The Bay Area & Wester Chapter of the Paralyzed Veterans of America is a wonderful facility that provides services and social activities for paralyzed veterans and is on the same campus as the Palo Alto VA, so easy access for those who also require medical needs. They are fully independent though, and subsists on donations and grants. I was happy to meet and befriend Jessica, a member of the organization who utilizes the facility for recreation and is also one who gets sponsored to attend the National Wheelchair games. She was super helpful to me, being my model and showing us around the facility.

The biggest challenge in every ad we work on is expressing the feeling of hope and support with one captivating image, and giving a short and concise description of our program AND the goals of the charities we are supporting.

It is great to have a chance to work on projects that have an impact, are challenging, and require me to break out of my day-to-day routine.

 

http://www.serenogroup.com/onepercent

Texas Hold Em Poker Tournament Custom Card Deck

New Piece, Print

Every year the company I work at hosts a Poker Tournament Fundraiser for Relay For Life (American Cancer Society). A couple years ago, I made a poster for the event and designed a face card with the President/CEO’s face on the card and it was a huge hit. I had been considering making a whole deck of cards with faces of other people from office since, but never quite got my act together to put it together. This was the year it was going to happen though, even in true last minute fashion (isn’t there an expression that great things only get done when you don’t have enough time to do them in?).

The face cards are all of people whose faces most people who work there would recognize. The President and co-founders got the King cards, and the Jacks and Queens are VPs, with one exception being the Queen of Clubs who gets a spot as the official cheerleader for the Relay for Life event, as she’s very active in organizing events and getting people on board to donate. I modeled the cards after the classic “Bicycle” format, and used the colors of the company’s branding. I used the font “Helldorado” to get that western look with the typography.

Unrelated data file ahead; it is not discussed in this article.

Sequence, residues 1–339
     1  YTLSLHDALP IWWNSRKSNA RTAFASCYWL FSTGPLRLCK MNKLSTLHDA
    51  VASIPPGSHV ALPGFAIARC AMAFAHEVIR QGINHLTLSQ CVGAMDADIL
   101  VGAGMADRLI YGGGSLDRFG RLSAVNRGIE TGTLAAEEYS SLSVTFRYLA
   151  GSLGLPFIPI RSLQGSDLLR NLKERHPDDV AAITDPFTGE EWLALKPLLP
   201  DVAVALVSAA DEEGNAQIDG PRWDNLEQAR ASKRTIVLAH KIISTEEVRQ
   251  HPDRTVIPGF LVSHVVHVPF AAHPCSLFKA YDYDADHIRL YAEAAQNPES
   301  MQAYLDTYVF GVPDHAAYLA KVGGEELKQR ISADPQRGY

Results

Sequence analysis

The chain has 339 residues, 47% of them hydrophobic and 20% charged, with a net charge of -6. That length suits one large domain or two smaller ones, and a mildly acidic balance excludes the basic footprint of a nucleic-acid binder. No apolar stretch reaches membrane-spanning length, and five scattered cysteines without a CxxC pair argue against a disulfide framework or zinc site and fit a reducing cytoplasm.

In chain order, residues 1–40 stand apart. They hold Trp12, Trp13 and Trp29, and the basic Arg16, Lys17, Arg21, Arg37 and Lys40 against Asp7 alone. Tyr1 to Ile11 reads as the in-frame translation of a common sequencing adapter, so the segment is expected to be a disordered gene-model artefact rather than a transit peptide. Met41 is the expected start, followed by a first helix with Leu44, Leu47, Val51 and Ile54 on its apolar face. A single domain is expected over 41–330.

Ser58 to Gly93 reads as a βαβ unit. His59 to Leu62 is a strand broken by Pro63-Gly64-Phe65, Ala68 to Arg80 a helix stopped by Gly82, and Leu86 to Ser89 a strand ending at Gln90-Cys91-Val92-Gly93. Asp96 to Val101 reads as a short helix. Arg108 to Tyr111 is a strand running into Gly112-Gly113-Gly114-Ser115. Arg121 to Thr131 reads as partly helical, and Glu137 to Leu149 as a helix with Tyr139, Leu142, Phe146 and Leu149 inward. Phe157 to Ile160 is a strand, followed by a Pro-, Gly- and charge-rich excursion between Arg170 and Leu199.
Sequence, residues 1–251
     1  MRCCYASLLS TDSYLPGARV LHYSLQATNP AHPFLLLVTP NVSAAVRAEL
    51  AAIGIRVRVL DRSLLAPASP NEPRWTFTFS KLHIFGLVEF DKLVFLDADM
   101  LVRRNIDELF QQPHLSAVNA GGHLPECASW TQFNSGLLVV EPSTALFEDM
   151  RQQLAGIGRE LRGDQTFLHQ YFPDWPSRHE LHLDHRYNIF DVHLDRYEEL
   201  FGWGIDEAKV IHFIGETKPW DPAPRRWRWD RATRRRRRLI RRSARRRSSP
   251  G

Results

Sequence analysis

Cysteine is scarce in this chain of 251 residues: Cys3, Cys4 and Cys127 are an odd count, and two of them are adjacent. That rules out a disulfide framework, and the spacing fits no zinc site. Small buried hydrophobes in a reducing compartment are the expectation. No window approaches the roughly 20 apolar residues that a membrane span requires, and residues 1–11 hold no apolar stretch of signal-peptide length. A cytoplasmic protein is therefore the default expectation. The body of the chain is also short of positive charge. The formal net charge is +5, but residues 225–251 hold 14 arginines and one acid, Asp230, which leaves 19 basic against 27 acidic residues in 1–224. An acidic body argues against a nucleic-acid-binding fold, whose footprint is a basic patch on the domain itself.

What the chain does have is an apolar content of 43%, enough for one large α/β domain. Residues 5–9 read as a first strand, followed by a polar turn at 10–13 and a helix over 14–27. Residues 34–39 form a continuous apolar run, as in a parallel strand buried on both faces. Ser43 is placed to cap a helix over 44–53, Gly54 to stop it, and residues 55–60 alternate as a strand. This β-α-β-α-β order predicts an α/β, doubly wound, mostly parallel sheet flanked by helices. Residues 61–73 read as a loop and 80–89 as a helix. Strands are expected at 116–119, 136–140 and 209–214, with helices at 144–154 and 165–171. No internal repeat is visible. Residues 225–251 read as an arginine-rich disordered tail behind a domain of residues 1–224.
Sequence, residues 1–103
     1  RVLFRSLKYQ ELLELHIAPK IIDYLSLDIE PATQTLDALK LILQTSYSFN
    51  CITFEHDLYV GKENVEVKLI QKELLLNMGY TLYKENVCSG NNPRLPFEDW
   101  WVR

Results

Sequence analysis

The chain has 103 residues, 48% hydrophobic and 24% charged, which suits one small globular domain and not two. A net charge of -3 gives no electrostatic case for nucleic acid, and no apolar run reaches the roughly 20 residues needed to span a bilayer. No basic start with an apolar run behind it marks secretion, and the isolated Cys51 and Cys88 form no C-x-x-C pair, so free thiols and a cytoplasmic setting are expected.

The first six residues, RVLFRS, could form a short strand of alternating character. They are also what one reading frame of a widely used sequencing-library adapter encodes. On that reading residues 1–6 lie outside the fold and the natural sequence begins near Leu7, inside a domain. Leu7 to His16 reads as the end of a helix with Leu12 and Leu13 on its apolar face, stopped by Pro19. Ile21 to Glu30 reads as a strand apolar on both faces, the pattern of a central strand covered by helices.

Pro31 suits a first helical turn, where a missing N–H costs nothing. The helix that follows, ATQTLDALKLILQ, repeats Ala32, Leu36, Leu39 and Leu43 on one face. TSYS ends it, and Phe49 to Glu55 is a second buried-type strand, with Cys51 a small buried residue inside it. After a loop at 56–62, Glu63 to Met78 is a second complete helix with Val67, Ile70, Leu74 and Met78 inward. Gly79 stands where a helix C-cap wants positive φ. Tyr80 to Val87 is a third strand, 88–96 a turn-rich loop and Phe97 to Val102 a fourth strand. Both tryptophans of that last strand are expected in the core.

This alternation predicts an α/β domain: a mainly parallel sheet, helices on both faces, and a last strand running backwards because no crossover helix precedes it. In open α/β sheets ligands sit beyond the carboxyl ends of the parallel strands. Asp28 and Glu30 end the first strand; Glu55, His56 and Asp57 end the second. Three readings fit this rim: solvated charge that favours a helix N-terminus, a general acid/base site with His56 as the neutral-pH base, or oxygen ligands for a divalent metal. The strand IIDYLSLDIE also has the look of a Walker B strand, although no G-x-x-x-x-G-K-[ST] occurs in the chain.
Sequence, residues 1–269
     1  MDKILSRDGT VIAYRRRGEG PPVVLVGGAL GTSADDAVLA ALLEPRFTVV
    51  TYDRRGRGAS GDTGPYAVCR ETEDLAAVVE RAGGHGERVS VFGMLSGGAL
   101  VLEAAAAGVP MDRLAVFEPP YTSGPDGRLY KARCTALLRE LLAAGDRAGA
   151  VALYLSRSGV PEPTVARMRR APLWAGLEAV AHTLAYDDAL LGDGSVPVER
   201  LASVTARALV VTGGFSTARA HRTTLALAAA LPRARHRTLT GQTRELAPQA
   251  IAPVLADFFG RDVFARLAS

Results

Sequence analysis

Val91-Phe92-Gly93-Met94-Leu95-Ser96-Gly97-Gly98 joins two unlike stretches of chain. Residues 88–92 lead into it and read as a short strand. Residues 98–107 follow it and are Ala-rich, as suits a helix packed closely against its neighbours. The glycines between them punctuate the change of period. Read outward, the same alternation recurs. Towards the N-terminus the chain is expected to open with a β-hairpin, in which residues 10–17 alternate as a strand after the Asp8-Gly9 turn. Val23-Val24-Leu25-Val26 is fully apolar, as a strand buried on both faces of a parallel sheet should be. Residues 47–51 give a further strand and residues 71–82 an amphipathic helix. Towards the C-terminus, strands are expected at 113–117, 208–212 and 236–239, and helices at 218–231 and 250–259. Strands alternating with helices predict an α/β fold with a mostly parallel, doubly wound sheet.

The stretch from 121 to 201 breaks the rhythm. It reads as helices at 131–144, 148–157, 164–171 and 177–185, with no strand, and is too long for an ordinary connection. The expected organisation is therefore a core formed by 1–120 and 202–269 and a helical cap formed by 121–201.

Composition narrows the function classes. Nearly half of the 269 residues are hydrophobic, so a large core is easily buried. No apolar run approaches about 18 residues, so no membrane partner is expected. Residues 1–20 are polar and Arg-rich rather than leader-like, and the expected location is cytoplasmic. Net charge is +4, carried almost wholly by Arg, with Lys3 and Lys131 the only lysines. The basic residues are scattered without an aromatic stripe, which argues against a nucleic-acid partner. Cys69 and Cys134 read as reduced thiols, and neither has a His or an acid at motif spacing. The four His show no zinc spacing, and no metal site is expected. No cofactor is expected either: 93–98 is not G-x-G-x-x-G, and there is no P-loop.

Getting the cards to coordinate upside down and right-side-up and look the same was a fun challenge. I was more brazen with some designs than others, but overall was pleased with each of the designs. In the interest of sharing the joke with you, since you probably don’t know what these people look like, I’ve done a couple side-by-side comparisons so you can see where I drew the characters from. All of these were designed in Illustrator, and I more or less traced the faces with a .5 stroke to start, and once I was satisfied that I had included just enough detail, I finished off the designs with the neck/shoulders/patterns. I spent roughly 1 hour on each face card design (some more, some less). Most of the images I was able to pull from just 1 photo, but there were a couple that I pieced together from multiple photos to get the right look.

If you are very interested, I’ve posted the full pdf with all the final artwork for a full res viewing experience.

I was super happy with the vendor I chose to print these. There is such a smattering of custom playing card design/printing companies available on the web and I didn’t have much to go on, so was glad the gamble paid off when I decided to use them. How I got past their really terrible 1.0 website is beyond me, but again, they were great, so withhold judgment on the site.

For the record, the event these were made for was a huge success, and I believe raised nearly (or over) $7,000 towards this year’s Relay for Life Fundraiser.